PHOTO COUR TESY: (MIDDLE TOP/MIDDLE BOTTOM/OPPOSITE LEFT) AUTHOR UNKOWN; (TOP) ENOCH WOOD PERRY, JR./BISHOP MUSEUM
established in response to the urging of the royal couple. The associated Luaehu
School marked the beginning of what evolved into ‘Iolani School, today one of
Hawai‘i’s most prestigious educational facilities.
Fifteen months after the loss of his only son, Kamehameha IV, still only
29-years-old, died of what were reported as the cumulative effects of chronic
asthma and a broken heart. Following Kamehameha IV’s untimely death just by
eight months, another remarkable fourth generation son of historical significance
was born in Rhinebeck, New York. John Jacob Astor IV, the great-grandson of
German emigrant John Jacob Astor, was a man who, like the Hawaiian king he
never knew, achieved great things during his short life.
Astor’s accomplishments were singular. Considered one of America’s finest
luxury hoteliers, on November 1, 1897, Colonel John Jacob (as he was called)
opened the Astoria Hotel on Fifth Avenue in Manhattan. The Astoria merged
with the adjacent Waldorf Hotel to become the Waldorf-Astoria Hotel. It was
in 1904 that Astor built one of “the world’s most luxurious hotels,” The St.
Regis New York. The classic Beau Arts landmark was a new style of luxury,
focused on tangible advancements in the comforts afforded the wealthy.
Astor was able to fulfill his vision of creating a hotel where gentlemen and
their families could feel as comfortable as they would as guests in a private
home. This was in no small part due to the acumen of Lady Astor, John Jacob’s
mother, who helped cultivate a sense of luxury and refinement in all aspects of
the hotel’s operation. Fresh flowers were brought in daily, an English-style butler
and afternoon tea services were implemented and exclusive social gatherings,
such as a midnight supper, created an air of grandeur inside The St. Regis that
enthralled its guests.
Today, The St. Regis New York stands as a reminder of the
vision, drive and wherewithal Astor demonstrated in all that he did—from the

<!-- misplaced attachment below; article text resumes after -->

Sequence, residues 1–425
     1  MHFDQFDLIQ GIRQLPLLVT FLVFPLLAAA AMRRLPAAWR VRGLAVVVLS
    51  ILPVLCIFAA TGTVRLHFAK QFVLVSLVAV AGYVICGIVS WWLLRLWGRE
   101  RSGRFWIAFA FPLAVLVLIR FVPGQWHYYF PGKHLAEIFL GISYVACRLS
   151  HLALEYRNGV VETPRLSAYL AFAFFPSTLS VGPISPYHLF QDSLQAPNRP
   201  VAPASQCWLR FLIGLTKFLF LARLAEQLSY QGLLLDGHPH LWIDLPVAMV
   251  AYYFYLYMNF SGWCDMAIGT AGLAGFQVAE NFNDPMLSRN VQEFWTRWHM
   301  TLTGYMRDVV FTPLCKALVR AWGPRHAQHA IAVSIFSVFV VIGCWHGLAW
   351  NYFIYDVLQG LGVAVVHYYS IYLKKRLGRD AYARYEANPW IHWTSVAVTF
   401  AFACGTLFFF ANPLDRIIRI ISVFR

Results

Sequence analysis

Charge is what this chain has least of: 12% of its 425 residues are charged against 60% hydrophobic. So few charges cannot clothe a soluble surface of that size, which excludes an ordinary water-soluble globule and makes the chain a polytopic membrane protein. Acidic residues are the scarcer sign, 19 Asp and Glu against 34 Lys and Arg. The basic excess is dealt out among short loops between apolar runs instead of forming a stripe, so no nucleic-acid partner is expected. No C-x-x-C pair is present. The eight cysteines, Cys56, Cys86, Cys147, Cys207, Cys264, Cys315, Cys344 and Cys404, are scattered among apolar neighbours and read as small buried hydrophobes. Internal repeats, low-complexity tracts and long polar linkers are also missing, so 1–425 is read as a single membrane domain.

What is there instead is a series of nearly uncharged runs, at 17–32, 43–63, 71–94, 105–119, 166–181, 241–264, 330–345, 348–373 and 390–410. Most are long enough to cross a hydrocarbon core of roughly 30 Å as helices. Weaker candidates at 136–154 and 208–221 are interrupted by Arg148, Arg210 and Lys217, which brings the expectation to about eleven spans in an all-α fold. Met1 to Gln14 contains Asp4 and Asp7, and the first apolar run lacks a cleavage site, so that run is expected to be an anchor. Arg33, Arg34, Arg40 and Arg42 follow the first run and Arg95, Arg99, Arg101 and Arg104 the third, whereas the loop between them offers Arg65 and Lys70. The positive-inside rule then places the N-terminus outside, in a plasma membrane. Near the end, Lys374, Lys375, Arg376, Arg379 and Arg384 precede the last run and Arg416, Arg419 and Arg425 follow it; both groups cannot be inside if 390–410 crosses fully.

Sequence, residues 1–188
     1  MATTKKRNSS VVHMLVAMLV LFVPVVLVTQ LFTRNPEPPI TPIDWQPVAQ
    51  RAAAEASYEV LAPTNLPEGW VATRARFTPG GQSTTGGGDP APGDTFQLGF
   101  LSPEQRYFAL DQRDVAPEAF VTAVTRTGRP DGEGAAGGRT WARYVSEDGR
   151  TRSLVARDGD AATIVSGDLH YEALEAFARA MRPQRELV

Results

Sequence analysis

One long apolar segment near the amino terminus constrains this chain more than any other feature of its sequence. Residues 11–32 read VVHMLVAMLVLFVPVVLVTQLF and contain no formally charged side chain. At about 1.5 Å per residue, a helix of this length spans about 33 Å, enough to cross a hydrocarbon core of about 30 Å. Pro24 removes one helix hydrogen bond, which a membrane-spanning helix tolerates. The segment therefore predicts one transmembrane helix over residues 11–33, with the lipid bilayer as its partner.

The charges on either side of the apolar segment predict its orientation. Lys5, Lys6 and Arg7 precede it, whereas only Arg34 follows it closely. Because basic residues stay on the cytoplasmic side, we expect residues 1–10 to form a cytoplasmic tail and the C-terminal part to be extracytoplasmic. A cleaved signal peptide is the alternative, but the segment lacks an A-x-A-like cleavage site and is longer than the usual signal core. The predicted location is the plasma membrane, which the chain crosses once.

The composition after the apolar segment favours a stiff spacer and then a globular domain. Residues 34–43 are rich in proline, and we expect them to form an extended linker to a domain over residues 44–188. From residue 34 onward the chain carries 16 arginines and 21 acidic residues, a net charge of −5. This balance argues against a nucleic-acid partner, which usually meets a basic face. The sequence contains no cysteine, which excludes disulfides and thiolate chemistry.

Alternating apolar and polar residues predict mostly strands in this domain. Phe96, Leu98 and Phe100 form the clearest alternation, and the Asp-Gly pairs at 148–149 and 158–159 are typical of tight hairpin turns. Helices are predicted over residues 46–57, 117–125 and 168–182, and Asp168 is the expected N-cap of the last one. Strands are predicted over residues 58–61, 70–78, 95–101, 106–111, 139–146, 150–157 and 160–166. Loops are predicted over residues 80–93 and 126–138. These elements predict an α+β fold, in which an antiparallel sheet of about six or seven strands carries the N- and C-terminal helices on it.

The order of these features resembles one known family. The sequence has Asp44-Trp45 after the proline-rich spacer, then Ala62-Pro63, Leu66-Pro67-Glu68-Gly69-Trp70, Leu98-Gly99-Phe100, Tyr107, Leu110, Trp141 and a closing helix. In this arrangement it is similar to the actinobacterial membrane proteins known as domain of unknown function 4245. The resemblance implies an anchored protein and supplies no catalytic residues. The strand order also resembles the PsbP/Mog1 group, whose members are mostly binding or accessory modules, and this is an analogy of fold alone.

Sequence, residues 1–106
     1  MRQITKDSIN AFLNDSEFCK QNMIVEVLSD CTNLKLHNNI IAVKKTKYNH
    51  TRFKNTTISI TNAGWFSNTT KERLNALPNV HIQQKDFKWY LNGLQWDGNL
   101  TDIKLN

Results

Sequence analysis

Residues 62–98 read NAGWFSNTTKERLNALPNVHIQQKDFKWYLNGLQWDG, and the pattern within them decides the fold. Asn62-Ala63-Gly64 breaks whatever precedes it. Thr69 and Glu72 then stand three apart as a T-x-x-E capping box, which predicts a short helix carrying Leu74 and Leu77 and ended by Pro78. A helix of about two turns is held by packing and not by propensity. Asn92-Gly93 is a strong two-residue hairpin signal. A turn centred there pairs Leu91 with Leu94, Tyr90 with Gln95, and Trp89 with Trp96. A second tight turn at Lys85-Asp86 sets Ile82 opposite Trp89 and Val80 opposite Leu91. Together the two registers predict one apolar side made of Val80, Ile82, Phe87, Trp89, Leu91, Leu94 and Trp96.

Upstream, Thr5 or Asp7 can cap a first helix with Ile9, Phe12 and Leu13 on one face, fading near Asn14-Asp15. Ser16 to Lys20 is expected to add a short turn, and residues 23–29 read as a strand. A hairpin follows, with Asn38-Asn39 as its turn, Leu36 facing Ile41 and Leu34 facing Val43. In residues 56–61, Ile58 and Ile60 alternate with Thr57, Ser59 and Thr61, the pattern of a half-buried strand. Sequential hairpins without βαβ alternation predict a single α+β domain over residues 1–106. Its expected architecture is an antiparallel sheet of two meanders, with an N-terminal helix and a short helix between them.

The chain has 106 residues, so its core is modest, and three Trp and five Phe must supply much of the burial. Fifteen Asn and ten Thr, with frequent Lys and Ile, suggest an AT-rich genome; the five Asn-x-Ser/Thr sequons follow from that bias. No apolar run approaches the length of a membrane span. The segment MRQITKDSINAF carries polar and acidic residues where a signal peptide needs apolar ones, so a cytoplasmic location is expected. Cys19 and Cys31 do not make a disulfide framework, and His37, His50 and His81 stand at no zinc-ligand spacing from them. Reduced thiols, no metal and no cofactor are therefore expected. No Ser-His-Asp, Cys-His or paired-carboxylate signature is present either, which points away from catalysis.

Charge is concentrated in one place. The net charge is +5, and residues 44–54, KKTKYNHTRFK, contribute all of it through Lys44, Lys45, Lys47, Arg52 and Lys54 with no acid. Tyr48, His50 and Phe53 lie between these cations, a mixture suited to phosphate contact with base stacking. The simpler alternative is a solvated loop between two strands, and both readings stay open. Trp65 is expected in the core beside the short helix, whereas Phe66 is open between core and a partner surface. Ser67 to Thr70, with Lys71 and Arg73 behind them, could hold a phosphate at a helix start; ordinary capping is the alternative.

buildings he erected to considerable properties he managed and developed.
Tragically, Astor’s intellect, business acumen, social standing and seemingly
remarkable timing were for naught. In April of 1912, eager to return to the
United States in order that his pregnant wife would give birth in America, John
Jacob IV and his young bride Madeleine with whom he had been traveling in
Europe and Egypt, boarded a luxury passenger steamship on its maiden voyage
to New York. The name of that ship was the RMS Titanic.
When the ship first struck the iceberg, Astor reportedly took news of the
collision in stride, but as the situation grew more dire and women were being
directed onto liferafts, Astor appealed to be allowed to join his wife, but was
refused. Many legends and stories surround Astor’s final actions from giving
up his own life to save a young immigrant to placing a woman’s hat on a boy to
permit him space on a lifeboat. Mrs. Astor survived and gave birth to a son four
months later. John Jacob IV’s body was found at sea, ten days after the Titanic
sank; his pockets reportedly stuffed with British pounds and American dollars.
John Jacob Astor IV and Kamehameha IV, both accomplished men of
means, each achieved much both personally and professionally during his short
life. Their backgrounds, upbringings, and motivations run curiously parallel to
one another, seemingly unrelated, yet both men strived for greatness, knowing
he had the ability to empower himself, his family and those around him. The
legacies of both live on today, intersecting unexpectedly here on a windy bluff
high above the deep blue sea.